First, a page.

In this article we are going to estimate the intrinsic value of Richelieu Hardware Ltd. (TSE:RCH) by taking the expected future cash flows and discounting them to today's value. This will be done using the Discounted Cash Flow (DCF) model. Models like these may appear beyond the comprehension of a lay person, but they're fairly easy to follow.
We would caution that there are many ways of valuing a company and, like the DCF, each technique has advantages and disadvantages in certain scenarios. Anyone interested in learning a bit more about intrinsic value should have a read of the Simply Wall St analysis model.
Crunching the numbers
We use what is known as a 2-stage model, which simply means we have two different periods of growth rates for the company's cash flows. Generally the first stage is higher growth, and the second stage is a lower growth phase. To start off with, we need to estimate the next ten years of cash flows. Where possible we use analyst estimates, but when these aren't available we extrapolate the previous free cash flow (FCF) from the last estimate or reported value. We assume companies with shrinking free cash flow will slow their rate of shrinkage, and that companies with growing free cash flow will see their growth rate slow, over this period. We do this to reflect that growth tends to slow more in the early years than it does in later years.
A DCF is all about the idea that a dollar in the future is less valuable than a dollar today, and so the sum of these future cash flows is then discounted to today's value:
10-year free cash flow (FCF) estimate
|Levered FCF (CA$, Millions)||CA$79.9m||CA$86.8m||CA$93.0m||CA$106.0m||CA$113.4m||CA$119.5m||CA$124.6m||CA$129.0m||CA$132.7m||CA$136.1m|
|Growth Rate Estimate Source||Analyst x2||Analyst x2||Analyst x1||Analyst x1||Est @ 6.98%||Est @ 5.39%||Est @ 4.27%||Est @ 3.49%||Est @ 2.94%||Est @ 2.55%|
|Present Value (CA$, Millions) Discounted @ 7.8%||CA$74.1||CA$74.6||CA$74.2||CA$78.5||CA$77.9||CA$76.1||CA$73.6||CA$70.7||CA$67.5||CA$64.2|
("Est" = FCF growth rate estimated by Simply Wall St)
Present Value of 10-year Cash Flow (PVCF) = CA$731m
The second stage is also known as Terminal Value, this is the business's cash flow after the first stage. The Gordon Growth formula is used to calculate Terminal Value at a future annual growth rate equal to the 5-year average of the 10-year government bond yield of 1.7%. We discount the terminal cash flows to today's value at a cost of equity of 7.8%.
Terminal Value (TV)= FCF2030 × (1 + g) ÷ (r – g) = CA$136m× (1 + 1.7%) ÷ (7.8%– 1.7%) = CA$2.3b
Present Value of Terminal Value (PVTV)= TV / (1 + r)10= CA$2.3b÷ ( 1 + 7.8%)10= CA$1.1b
The total value, or equity value, is then the sum of the present value of the future cash flows, which in this case is CA$1.8b. In the final step we divide the equity value by the number of shares outstanding. Compared to the current share price of CA$36.6, the company appears around fair value at the time of writing. The assumptions in any calculation have a big impact on the valuation, so it is better to view this as a rough estimate, not precise down to the last cent.
We would point out that the most important inputs to a discounted cash flow are the discount rate and of course the actual cash flows. You don't have to agree with these inputs, I recommend redoing the calculations yourself and playing with them. The DCF also does not consider the possible cyclicality of an industry, or a company's future capital requirements, so it does not give a full picture of a company's potential performance. Given that we are looking at Richelieu Hardware as potential shareholders, the cost of equity is used as the discount rate, rather than the cost of capital (or weighted average cost of capital, WACC) which accounts for debt. In this calculation we've used 7.8%, which is based on a levered beta of 1.023. Beta is a measure of a stock's volatility, compared to the market as a whole. We get our beta from the industry average beta of globally comparable companies, with an imposed limit between 0.8 and 2.0, which is a reasonable range for a stable business.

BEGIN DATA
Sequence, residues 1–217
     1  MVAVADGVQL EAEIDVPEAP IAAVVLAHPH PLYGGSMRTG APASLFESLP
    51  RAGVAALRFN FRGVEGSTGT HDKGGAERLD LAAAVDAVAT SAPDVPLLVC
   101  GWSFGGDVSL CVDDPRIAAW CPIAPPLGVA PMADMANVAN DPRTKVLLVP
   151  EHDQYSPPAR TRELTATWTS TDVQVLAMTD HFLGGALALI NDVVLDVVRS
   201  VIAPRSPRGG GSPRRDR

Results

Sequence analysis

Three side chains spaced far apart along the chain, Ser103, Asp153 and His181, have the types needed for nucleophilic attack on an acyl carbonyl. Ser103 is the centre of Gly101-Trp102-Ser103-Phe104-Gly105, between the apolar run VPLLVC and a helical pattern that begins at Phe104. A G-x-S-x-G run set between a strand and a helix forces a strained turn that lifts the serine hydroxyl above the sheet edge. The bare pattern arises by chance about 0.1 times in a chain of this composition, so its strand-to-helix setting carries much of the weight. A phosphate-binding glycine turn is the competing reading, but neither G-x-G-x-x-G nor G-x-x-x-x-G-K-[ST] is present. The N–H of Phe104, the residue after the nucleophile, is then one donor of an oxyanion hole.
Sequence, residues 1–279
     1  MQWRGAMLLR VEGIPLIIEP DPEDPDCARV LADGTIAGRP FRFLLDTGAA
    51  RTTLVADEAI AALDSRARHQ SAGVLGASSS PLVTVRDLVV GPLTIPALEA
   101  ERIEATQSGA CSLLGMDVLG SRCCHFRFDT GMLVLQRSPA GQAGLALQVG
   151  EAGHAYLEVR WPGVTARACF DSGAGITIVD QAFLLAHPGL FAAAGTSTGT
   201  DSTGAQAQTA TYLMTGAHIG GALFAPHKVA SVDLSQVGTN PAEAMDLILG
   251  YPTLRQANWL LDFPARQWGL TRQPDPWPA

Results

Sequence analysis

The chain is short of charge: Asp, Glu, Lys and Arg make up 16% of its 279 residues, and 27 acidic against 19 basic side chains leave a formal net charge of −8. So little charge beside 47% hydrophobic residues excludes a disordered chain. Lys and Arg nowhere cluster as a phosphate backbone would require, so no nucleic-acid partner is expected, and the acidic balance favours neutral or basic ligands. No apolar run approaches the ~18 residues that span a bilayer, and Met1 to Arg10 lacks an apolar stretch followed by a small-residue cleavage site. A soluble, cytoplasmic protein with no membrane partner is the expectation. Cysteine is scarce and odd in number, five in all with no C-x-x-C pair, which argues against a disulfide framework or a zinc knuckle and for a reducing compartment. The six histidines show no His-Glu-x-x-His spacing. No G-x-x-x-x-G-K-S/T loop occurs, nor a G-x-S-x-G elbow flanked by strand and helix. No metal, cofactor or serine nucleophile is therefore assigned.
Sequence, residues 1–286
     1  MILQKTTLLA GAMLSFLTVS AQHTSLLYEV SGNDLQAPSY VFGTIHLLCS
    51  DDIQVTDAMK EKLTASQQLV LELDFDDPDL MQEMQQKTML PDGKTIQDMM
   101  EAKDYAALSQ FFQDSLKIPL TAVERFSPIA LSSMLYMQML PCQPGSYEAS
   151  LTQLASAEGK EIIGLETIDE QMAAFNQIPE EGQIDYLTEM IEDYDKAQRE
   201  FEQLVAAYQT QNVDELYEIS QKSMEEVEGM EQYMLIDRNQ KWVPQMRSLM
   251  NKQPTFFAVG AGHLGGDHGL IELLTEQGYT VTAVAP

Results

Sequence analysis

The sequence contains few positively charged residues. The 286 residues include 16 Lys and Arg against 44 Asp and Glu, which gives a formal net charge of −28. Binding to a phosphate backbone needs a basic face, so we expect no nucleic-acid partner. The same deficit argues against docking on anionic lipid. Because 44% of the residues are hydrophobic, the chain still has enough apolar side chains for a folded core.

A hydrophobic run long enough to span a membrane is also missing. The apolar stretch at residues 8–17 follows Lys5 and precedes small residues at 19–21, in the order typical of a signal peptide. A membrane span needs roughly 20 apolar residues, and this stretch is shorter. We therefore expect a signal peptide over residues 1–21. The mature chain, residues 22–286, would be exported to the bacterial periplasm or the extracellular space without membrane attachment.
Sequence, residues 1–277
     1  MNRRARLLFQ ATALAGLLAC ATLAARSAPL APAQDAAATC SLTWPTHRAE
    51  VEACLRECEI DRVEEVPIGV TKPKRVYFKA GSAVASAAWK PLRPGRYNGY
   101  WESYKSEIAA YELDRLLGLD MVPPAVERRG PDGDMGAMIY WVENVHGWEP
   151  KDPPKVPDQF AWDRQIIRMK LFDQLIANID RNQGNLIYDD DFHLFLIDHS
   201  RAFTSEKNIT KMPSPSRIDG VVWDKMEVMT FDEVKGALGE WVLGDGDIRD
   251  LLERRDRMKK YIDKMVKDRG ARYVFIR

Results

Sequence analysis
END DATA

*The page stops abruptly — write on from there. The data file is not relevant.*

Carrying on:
Whilst important, the DCF calculation is only one of many factors that you need to assess for a company. DCF models are not the be-all and end-all of investment valuation. Preferably you'd apply different cases and assumptions and see how they would impact the company's valuation. For instance, if the terminal value growth rate is adjusted slightly, it can dramatically alter the overall result. For Richelieu Hardware, there are three additional items you should assess:
- Risks: Every company has them, and we've spotted 1 warning sign for Richelieu Hardware you should know about.
- Future Earnings: How does RCH's growth rate compare to its peers and the wider market? Dig deeper into the analyst consensus number for the upcoming years by interacting with our free analyst growth expectation chart.
- Other Solid Businesses: Low debt, high returns on equity and good past performance are fundamental to a strong business. Why not explore our interactive list of stocks with solid business fundamentals to see if there are other companies you may not have considered!
PS. The Simply Wall St app conducts a discounted cash flow valuation for every stock on the TSX every day. If you want to find the calculation for other stocks just search here.
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This article by Simply Wall St is general in nature. It does not constitute a recommendation to buy or sell any stock, and does not take account of your objectives, or your financial situation. We aim to bring you long-term focused analysis driven by fundamental data. Note that our analysis may not factor in the latest price-sensitive company announcements or qualitative material. Simply Wall St has no position in any stocks mentioned.
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